Karachi, Pakistan, May 26 (Xinhua) — Pakistani Prime Minister Sheikh Baz Sharif said on Friday that the Pakistani government has every right to bring to justice those individuals responsible for the unprecedented violence on May 9, similar to what the U.S. government did to storm the Pakistani capital. actions taken by citizens. Capitol Hill on January 6, 2021.
Violent protests erupted across the country following the arrest of Imran Khan, head of the Pakistan Justice Movement (PTI), in the Islamabad High Court on May 9. The government ensued a massive crackdown on PTI leaders and workers, arresting thousands on charges of attacking civilian and military installations.
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The chaotic politics culminated in the desecration of state martyrs and security facilities on May 9, Sharif said at a groundbreaking ceremony for a water supply project here.
In response to Khan’s arrest, supporters of Khan vandalized more than a dozen military installations, including the army commander’s residence in Lahore, the Mianwali air base and the ISI building in Faisalabad.
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Mobs also stormed the Army Headquarters (GHQ) in Rawalpindi for the first time.
Police put the death toll in the violence at 10, while Khan’s party claimed 40 of its workers were killed in fire from security personnel.
“Today, in Quaid City, we are all ashamed of what happened in Lahore on May 9. Justice calls for the punishment of perpetrators like the Capitol rioters on January 6, 2021. If such punishment is lawful , then no one should object to us doing this under our laws to desecrate our martyrs,” Prime Minister Sharif said.
A group of supporters of Donald Trump stormed the U.S. Capitol in Washington, DC, after his defeat in the 2020 presidential election, January 6, 2021
Chaos has erupted as the U.S. Senate and House of Representatives meet to prove Democrat Joe Biden’s victory over Republican Trump in the 2020 presidential election.
Meanwhile, Foreign Minister Hina Rabbani Khar defended the federal government’s decision to try those involved in attacks on state and army installations under the Pakistan Army Act of 1952, saying incidents of arson and vandalism cannot be condoned by any country.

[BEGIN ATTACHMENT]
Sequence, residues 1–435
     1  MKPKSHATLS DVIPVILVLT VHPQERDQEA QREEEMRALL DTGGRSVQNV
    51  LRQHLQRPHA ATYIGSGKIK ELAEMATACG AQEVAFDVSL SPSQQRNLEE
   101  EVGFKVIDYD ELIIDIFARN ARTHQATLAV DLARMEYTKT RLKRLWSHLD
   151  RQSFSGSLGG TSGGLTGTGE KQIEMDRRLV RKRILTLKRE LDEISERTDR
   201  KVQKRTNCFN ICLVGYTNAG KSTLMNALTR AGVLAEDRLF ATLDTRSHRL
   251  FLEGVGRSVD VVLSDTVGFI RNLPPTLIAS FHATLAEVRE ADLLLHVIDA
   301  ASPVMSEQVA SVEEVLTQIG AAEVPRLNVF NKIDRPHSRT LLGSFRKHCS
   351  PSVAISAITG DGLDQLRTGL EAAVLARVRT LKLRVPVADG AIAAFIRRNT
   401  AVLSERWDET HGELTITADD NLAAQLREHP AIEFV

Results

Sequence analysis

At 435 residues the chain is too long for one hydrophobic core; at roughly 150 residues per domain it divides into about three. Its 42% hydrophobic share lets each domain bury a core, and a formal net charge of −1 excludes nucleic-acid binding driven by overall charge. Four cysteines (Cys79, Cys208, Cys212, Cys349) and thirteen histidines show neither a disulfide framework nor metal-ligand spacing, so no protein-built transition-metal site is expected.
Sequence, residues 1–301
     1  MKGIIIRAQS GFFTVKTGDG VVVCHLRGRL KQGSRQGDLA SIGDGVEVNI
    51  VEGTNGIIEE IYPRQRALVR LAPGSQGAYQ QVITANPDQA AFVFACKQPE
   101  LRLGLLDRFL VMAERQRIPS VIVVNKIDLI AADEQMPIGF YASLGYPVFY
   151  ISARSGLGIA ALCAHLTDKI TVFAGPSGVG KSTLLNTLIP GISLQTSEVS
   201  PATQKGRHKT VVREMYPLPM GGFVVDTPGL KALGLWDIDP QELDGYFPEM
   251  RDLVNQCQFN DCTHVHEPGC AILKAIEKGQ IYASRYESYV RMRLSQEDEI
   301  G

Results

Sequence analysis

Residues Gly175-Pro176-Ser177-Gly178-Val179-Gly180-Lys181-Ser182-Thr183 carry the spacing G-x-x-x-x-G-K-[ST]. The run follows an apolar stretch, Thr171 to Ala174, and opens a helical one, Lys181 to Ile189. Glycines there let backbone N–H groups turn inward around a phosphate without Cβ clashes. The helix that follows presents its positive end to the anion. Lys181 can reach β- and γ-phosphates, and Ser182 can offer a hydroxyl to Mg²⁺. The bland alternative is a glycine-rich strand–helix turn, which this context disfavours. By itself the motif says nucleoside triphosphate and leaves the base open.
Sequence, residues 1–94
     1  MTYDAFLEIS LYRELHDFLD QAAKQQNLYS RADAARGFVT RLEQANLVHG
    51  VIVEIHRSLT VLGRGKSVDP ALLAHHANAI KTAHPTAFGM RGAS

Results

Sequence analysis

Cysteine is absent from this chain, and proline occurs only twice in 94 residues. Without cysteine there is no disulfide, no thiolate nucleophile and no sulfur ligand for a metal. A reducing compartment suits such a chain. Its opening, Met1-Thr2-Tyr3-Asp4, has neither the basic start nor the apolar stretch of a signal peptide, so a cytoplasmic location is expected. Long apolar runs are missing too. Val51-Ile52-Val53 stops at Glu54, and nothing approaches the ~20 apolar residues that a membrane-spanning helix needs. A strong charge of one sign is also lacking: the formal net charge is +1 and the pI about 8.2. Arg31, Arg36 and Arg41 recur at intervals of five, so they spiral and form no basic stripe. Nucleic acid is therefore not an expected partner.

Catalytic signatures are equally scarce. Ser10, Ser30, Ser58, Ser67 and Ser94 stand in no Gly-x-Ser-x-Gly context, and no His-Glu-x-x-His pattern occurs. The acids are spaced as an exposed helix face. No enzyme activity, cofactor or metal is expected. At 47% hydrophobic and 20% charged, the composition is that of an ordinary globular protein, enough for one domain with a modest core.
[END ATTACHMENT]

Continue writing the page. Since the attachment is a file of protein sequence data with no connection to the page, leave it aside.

“What country in the world does not respond to acts of arson and vandalism? Everyone has seen the reaction to the attack on Capitol Hill,” she said Tuesday.
On May 17, Pakistan’s civilian and military leaders approved a decision made a day earlier at a meeting of regiment commanders to invoke the strict Pakistan Army Act of 1952 and the Official Secrets Act of 1923 against those involved in the May 9 riots staff.
The government launched a massive crackdown on PTI leaders and workers, arresting thousands on charges of attacking civilian and military installations.
Khar claimed that no country offered her any advice on trying arsonists under the Army Act. “However, all countries are concerned about the unrest in Pakistan,” she added.
In response to the political crisis in Pakistan, the US said it was monitoring the situation.
State Department spokesman Matthew Miller said Tuesday: “We continue to monitor the situation in Pakistan closely. We have no position on political candidates in Pakistan.”
“We call for the respect and equal application of democratic principles, freedom of expression and the rule of law around the world and of course in Pakistan we urge all to respect these principles,” he said.public transport
(This is an unedited and auto-generated story from a Syndicated News feed, the content body may not have been modified or edited by LatestLY staff)